The current situation in Hong Kong is evolving rapidly. As anticipated, this is associated with mixed messaging. We will continue to update this page as the situation evolves.
Our first advice is ‘Don’t Panic’.
We are not in any way diminishing the importance of Covid. In the rest of the world the greatest impact from Omicron was the impact caused by illness and isolation in healthcare and other key workers. This threatened to overwhelm health and supply systems. The public health restrictions are designed to flatten this wave, in order to protect the health system.
Omicron is a highly infectious disease. In our opinion the majority of people in Hong Kong are likely to be infected over the next 2 - 3 months. A recent review in the Lancet suggests that up to 90% of these cases will have no symptoms. For the majority of the rest, especially the vaccinated, it will be somewhere between a mild cold and a bad flu.
What do I do if I think I may have Covid?
Anyone who has symptoms or has been a contact of a known case should be tested. We have written a previous article explaining the different tests available. In Hong Kong there is a legal obligation to comply with government testing orders. Anyone who is subject to a testing order must be tested with a PCR test via a designated government testing centre and it is free through the government system. Anyone who is not subject to a government testing order should take a rapid test.
Rapid tests are available here. It is likely that the government will release free rapid tests to the population within the next few weeks. This is likely to be associated with instructions (advised or mandated) in the event of a positive result. Currently there are no such mandated instructions. Our advice is that anybody who tests positive with a rapid test should isolate at home for a minimum of seven days* or until a subsequent rapid test is negative whichever is the latter. Ideally, all household contacts should also remain isolated and all test negative on rapid test at the end of the isolation period. If household contacts need to leave isolation, for example, key workers or shopping, they should have a negative rapid test before leaving the house and wear a mask at all times.
What symptoms may I expect?
Statistically it is most likely that you will experience no symptoms. For this reason, we also advise rapid testing before potential exposure to other vulnerable people or groups.
The typical symptoms of earlier variants were cough, fever and/or change in the sensation of taste.
For Omicron the commonest symptoms are:
- runny nose
- fatigue (either mild or severe)
- sore throat
In other words Omicron is commonly experienced like a ‘cold’.
What medications may I use?
As with a cold you may choose to not take any medication. Stay well hydrated and rest. For nasal obstruction or congestion consider hot soaks or steam inhalations.
You can of course take paracetamol or ibuprofen. Ibuprofen tends to be a bit better for relieving muscle aches or the ache of a sore throat although it can cause indigestion and side effects are a little more common. Take it on a full stomach or at least with some food.
For children, you can reduce temperature by controlling the ambient temperature. You can use paracetamol or ibuprofen in suspension or paracetamol by suppository. If you have any concerns about your child you should contact your doctor.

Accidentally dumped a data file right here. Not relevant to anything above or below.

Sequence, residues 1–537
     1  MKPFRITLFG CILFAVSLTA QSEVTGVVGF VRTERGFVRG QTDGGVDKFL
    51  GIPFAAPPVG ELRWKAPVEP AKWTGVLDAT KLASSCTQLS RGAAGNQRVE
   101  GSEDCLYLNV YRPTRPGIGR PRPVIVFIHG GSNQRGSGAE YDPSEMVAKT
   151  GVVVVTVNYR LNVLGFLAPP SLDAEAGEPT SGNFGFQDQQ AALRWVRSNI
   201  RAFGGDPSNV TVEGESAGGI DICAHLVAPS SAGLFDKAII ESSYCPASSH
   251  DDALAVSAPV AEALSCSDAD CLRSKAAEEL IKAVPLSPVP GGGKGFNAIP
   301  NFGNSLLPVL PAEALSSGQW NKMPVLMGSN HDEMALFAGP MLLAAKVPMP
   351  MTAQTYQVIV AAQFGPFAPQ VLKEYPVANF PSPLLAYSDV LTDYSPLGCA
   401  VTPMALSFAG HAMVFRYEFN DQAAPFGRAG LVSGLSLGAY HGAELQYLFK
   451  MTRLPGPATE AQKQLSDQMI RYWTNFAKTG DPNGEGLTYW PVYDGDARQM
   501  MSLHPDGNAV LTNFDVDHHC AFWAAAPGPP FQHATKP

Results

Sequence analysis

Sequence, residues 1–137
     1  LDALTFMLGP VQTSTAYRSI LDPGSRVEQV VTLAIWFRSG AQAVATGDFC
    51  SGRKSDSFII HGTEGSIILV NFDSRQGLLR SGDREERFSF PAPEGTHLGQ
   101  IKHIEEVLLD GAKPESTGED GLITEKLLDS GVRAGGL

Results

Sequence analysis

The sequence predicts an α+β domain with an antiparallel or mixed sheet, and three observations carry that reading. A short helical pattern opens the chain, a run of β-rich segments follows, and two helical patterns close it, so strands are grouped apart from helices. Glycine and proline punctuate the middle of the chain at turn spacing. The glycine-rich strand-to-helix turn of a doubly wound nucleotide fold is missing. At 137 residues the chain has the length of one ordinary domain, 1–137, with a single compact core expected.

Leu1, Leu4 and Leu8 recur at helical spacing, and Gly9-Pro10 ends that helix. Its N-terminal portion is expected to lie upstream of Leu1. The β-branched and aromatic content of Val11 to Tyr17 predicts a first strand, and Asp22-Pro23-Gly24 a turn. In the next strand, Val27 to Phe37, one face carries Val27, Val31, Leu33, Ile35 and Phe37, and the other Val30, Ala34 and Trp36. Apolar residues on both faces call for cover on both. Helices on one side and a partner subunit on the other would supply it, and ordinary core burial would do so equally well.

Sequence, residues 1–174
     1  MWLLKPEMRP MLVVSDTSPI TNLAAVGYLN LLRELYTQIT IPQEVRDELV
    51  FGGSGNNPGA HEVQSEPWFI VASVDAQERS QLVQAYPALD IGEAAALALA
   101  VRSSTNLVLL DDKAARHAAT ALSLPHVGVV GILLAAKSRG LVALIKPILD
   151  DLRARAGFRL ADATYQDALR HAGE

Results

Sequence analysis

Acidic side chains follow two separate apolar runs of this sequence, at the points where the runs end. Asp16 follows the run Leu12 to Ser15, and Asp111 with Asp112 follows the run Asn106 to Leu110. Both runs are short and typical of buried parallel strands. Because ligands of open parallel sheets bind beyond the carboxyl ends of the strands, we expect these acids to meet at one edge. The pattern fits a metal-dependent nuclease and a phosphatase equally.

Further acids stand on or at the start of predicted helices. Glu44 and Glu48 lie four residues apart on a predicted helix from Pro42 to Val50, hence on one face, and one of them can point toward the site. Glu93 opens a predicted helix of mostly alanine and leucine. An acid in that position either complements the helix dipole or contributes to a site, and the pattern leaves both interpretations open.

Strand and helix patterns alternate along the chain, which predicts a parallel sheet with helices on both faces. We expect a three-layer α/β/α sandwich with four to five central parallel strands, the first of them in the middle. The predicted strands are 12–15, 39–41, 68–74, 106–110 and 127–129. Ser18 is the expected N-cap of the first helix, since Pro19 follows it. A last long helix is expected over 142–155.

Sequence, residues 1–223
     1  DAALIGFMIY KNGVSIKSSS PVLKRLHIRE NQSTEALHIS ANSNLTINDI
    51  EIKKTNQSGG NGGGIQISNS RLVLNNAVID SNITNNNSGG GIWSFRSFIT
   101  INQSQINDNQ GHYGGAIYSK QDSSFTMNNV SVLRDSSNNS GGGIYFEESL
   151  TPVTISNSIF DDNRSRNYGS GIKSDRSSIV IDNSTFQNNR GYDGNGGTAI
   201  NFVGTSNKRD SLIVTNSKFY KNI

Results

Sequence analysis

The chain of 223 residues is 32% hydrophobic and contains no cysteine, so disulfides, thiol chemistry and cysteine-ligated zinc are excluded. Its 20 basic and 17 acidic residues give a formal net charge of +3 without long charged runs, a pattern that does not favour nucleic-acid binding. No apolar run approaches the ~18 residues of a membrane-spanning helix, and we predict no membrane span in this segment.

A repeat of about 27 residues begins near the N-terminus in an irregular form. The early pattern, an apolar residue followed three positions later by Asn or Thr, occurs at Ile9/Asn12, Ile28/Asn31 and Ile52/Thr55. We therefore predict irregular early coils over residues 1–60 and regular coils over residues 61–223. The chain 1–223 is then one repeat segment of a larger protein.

What symptoms should I worry about?
This is by no means an exhaustive list and if you have any concerns you should contact your doctor.
- Feeling gradually more unwell
- Feeling more breathless
- Having difficulty breathing when you stand up or move around
- Feeling very weak, achy or tired
- Shaking or shivering
- Significant loss of appetite
One particular concern with Covid is respiratory problems. In assessing potential severity of shortness of breath, the measurement of oxygen saturation through a pulse oximeter can give vital information. In general oxygen saturations above 95% are normal. We consider admitting to hospital at and below 92%. Between 92-94% patients should ideally be assessed. Some modern smart watches have pulse oximeters. We will keep some that we can use for urgent assessment. It may be worth considering within organisations or social groups a provisional plan such that they can be shared with people who may need them.
In summary we are likely to see a significant number of infections within our community over the next two months. The vast majority of these infections will be asymptomatic or mild but the sheer number means that there will be some people who experience more important symptoms. We will continue to be available and all our clinics will remain open as they have throughout the pandemic. If you have any concerns we can arrange telephone or telemedicine consultations.
Finally we anticipate that some of our doctors are likely to be spending time volunteering in the government system in the coming weeks. All our clinics will be staffed. We appreciate your understanding that your normal doctor may not always be available immediately but we will ensure that all patients who are concerned and especially children will be dealt with promptly.
*In the original version of this article we recommended five days or a negative rapid test. This was compatible with international experience. We have changed this advice to 7 days. This is because the Hospital Authority have chosen seven days as the time before medical staff can return with a negative rapid test. This is also the time used in Singapore. It seems most likely that this will eventually be the advice in Hong Kong.
1. Murray, C. J. L. (2022, January 19). COVID-19 will continue but the end of the pandemic is near. The Lancet. Retrieved February 16, 2022, from https://www.thelancet.com/journals/lancet/article/PIIS0140-6736(22)00100-3/fulltext